Near Bioelectrical Fields
French medical acupuncturist demonstrated to me on an amputee patient the presence of near bioelectrical fields. He covered the patient's eyes, took a sharp scalpel, and made several cutting motions into the area where the patient's limb had been. The patient screamed with pain and identified exactly the location of the area where the scalpel passed through. I was completely astonished and thought that surely, there was an element of deception. I took the scalpel and performed short stab-like movements in the area where the patient's thigh would have been. Immediately, the patient again reacted in a similar manner and precisely identified the scalpel's location. Still not convinced of a ruse, the patient's eyes were again completely covered, and he was told to lie in a prone position. I then held the scalpel over the area that once corresponded to the patient's leg and made no movements. The patient did not react. I brought the tip of the scalpel very slowly toward the amputated limb and at a location which would have corresponded to the knee. The patient reported pain. I was without an explanation until the French physician told me that the brain has a "memory" of the bioelectrical field, and that this memory may be part of the function of the thalamus.
Kirlian photography will also demonstrate near biological fields.1(p9) The procedure is simple. The subject places his hand on an opened photographic plate that is subjected to a high electrical field. When using Polaroid film, a photograph is rapidly obtained and a "whitish" field is delineated around the fingers. Although Kirlian theory may not have taken into account the influences of acupuncture meridians that pass through the fingers or toes, we can actually obtain a visual image of the energy that is involved in these anatomic locations. An acupuncturist may balance the meridians, and use the resulting images on the photograph for diagnostic purposes. For example, a cancer patient has a particular pattern disturbance which differentiates itself from the "normal" pattern.1(p22)
Placing acupuncture needles on acupoints or elsewhere on the meridian may cause a disturbance of these near bioelectric fields. We may be able to visualize these disturbances by Kirlian photography.3(p17) Is it possible that the patient's acupuncture needles may serve as antennae that "transmit" or "receive" energy to other needles on different meridians, or even "communicate" with the operator's own bioelectric fields? Should we measure the acupuncturist's meridians after treating the patient, and determine whether energy has been robbed?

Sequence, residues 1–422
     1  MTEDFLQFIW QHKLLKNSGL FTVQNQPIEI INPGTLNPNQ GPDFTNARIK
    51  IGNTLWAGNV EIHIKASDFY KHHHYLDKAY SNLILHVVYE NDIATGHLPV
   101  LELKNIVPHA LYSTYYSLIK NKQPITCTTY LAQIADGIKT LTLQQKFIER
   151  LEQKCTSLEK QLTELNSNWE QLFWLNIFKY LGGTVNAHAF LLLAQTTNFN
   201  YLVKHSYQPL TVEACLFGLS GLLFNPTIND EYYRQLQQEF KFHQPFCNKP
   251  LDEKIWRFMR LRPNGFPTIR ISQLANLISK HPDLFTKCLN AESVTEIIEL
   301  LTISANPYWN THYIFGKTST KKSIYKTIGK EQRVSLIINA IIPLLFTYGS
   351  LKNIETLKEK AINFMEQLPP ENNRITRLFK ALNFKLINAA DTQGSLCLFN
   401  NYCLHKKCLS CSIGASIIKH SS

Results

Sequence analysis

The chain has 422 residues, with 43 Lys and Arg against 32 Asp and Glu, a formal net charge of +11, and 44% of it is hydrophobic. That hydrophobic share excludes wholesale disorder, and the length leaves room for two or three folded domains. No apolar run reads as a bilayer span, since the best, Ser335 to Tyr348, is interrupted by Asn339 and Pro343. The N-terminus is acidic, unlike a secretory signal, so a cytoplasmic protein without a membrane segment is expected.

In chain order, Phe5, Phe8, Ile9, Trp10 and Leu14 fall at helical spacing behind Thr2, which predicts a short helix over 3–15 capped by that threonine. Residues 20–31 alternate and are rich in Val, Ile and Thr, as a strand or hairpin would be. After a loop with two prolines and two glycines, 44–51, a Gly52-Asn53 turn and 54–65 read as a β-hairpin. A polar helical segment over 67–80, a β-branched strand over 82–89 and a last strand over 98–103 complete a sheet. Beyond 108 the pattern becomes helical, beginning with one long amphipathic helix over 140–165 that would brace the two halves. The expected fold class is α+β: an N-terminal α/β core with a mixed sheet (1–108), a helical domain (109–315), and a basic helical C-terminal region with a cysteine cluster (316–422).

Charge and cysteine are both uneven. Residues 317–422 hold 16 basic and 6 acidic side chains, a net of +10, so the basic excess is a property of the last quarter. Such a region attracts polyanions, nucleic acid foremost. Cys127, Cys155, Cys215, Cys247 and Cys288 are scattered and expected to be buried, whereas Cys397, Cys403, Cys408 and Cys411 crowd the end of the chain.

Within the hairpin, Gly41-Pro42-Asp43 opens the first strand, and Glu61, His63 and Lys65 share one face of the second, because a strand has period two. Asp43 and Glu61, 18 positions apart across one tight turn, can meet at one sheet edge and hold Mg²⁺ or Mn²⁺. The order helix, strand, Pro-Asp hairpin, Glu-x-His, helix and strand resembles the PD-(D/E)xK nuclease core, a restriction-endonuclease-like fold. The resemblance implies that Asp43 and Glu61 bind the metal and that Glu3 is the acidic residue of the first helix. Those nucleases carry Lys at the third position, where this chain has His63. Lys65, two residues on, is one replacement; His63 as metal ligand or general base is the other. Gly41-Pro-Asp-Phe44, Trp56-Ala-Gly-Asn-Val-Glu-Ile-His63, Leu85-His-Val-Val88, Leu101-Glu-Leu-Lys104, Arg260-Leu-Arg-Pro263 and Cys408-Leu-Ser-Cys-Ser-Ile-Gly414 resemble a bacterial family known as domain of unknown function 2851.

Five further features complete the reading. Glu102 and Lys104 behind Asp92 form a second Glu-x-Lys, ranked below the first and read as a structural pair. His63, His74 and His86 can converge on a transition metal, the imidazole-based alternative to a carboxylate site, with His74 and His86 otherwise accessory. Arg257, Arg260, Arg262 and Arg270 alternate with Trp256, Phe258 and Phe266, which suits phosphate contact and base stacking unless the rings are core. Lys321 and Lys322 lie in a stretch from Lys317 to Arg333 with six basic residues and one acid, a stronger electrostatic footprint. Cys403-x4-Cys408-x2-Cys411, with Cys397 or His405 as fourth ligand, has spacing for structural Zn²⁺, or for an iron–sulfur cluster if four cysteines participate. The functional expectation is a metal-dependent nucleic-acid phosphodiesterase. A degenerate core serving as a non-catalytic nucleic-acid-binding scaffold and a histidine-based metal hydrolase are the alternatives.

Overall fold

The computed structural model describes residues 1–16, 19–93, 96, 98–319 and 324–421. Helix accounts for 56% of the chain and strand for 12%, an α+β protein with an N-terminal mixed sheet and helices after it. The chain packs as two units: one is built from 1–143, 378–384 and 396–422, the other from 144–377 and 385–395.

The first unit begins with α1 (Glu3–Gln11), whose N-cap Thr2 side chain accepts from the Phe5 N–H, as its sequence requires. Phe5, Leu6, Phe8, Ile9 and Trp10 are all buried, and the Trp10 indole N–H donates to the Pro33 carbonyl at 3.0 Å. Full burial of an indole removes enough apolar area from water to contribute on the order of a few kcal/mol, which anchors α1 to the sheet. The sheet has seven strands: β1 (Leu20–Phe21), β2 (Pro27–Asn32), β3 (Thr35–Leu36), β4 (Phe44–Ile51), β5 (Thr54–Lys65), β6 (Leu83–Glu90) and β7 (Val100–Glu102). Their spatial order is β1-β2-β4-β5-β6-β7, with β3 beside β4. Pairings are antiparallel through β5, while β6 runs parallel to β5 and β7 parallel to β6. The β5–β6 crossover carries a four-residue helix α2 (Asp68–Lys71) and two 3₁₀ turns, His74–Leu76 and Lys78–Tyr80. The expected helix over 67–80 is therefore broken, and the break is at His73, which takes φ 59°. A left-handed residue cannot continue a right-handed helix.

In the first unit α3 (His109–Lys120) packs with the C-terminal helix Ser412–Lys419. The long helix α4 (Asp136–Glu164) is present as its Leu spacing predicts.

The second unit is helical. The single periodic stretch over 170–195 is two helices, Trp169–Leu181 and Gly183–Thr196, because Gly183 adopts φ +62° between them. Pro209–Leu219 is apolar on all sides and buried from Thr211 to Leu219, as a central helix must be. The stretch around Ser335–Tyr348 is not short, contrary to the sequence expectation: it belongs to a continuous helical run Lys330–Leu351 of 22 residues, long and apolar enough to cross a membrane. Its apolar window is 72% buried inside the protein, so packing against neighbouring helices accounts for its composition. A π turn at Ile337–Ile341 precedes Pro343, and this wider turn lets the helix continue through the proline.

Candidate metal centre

All of these experiments are feasible to perform. And when you do so, I trust that you will appropriately report your findings in our journal — whether it is on this subject or another interesting topic — and then, carefully follow the "Instructions for Authors," and "STRICTA" guidelines (stated in pages 9-11, Medical Acupuncture / Volume 13, No. 3). Do not hesitate to ask your colleagues to review your writings for constructive criticism. Our editorial staff catches mistakes. But, we greatly appreciate it when you catch them yourself!
Writing an article for publication is a reflection of your medical and scientific endeavors. Our "Instructions for Authors" will facilitate your reports. Deviations from this format and omissions of pertinent data will reflect poorly on both yourself and the journal, and perhaps delay the publication. We are constantly on guard to adhere to these standards, and are continually striving to improve the quality and credibility of our journal. Indeed, that is our job and rightfully so, but you as authors must share in that responsibility.
I wish to express our continuing appreciation to Roz Royal, Managing Editor, and her assistant, Stacy Christiansen-Krol, Copy Editor, for their scrupulous efforts to maintain and improve our standards. I gratefully acknowledge the Editorial Board for providing their professional review to assist in the evaluation of manuscripts.
— Richard C. Niemtzow, MD, PhD, MPH
1. Lee, RH, PE. Bioelectricity Vitality. San Clemente, Calif. China Healthways Instituten. 1997.
2. Ibid, p. 22.
3. Ibid, p. 17.
Dr Richard C. Niemtzow is a Colonel in the United States Air Force and a Radiation Oncologist. He practices medical acupuncture full-time with oncology and general patients, and is also involved in research. Effective July 31, 2002, Dr Niemtzow was transferred to Malcolm Grow Medical Center, Andrews AFB, Maryland to continue his full-time acupuncture endeavors, and as a Consultant to the Air Force Surgeon General. Dr Niemtzow is President of the Medical Acupuncture Research Foundation (MARF).
Richard C. Niemtzow, MD, PhD, MPH
9800 Cherry Hill Rd
College Park, MD 2074089
Phone: 301-937-7424 • Fax: 301-937-3205
Colonel (Dr) Richard C. Niemtzow
Medical Group (AMC)
Malcolm Grow Medical Center
Andrews AFB, MD 20762